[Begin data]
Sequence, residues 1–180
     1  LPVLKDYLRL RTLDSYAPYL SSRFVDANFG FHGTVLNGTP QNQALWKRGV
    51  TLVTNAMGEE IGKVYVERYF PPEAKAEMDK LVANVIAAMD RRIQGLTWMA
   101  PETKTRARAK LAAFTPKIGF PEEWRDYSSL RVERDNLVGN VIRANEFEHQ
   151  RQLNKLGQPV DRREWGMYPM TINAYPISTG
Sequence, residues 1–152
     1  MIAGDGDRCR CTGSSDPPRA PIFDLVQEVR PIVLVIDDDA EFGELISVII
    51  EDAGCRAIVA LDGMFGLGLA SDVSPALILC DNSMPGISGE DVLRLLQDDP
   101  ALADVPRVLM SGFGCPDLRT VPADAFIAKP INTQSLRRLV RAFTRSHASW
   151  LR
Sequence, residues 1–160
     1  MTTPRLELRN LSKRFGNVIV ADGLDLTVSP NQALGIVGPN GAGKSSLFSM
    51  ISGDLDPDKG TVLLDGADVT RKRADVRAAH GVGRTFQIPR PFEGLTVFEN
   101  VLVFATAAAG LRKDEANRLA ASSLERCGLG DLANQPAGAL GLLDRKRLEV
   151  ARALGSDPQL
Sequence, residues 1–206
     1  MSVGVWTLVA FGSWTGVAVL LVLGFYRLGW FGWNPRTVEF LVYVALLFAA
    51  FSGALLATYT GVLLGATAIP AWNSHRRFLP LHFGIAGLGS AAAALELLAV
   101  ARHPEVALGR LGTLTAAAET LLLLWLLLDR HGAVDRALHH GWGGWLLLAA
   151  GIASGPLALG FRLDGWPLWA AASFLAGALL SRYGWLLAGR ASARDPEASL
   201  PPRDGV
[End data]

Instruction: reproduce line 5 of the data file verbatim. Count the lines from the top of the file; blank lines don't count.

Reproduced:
   151  RQLNKLGQPV DRREWGMYPM TINAYPISTG